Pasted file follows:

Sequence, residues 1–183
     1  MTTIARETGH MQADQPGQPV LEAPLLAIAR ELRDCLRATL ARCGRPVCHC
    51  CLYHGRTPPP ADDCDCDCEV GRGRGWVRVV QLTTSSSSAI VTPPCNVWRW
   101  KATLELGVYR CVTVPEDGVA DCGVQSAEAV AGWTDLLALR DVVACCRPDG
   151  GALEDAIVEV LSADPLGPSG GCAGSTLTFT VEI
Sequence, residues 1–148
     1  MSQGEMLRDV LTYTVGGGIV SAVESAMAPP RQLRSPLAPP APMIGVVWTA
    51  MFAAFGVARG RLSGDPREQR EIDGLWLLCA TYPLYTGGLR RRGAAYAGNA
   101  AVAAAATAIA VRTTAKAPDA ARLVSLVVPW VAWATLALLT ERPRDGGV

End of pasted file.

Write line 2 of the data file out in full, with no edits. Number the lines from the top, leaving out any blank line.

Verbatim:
     1  MTTIARETGH MQADQPGQPV LEAPLLAIAR ELRDCLRATL ARCGRPVCHC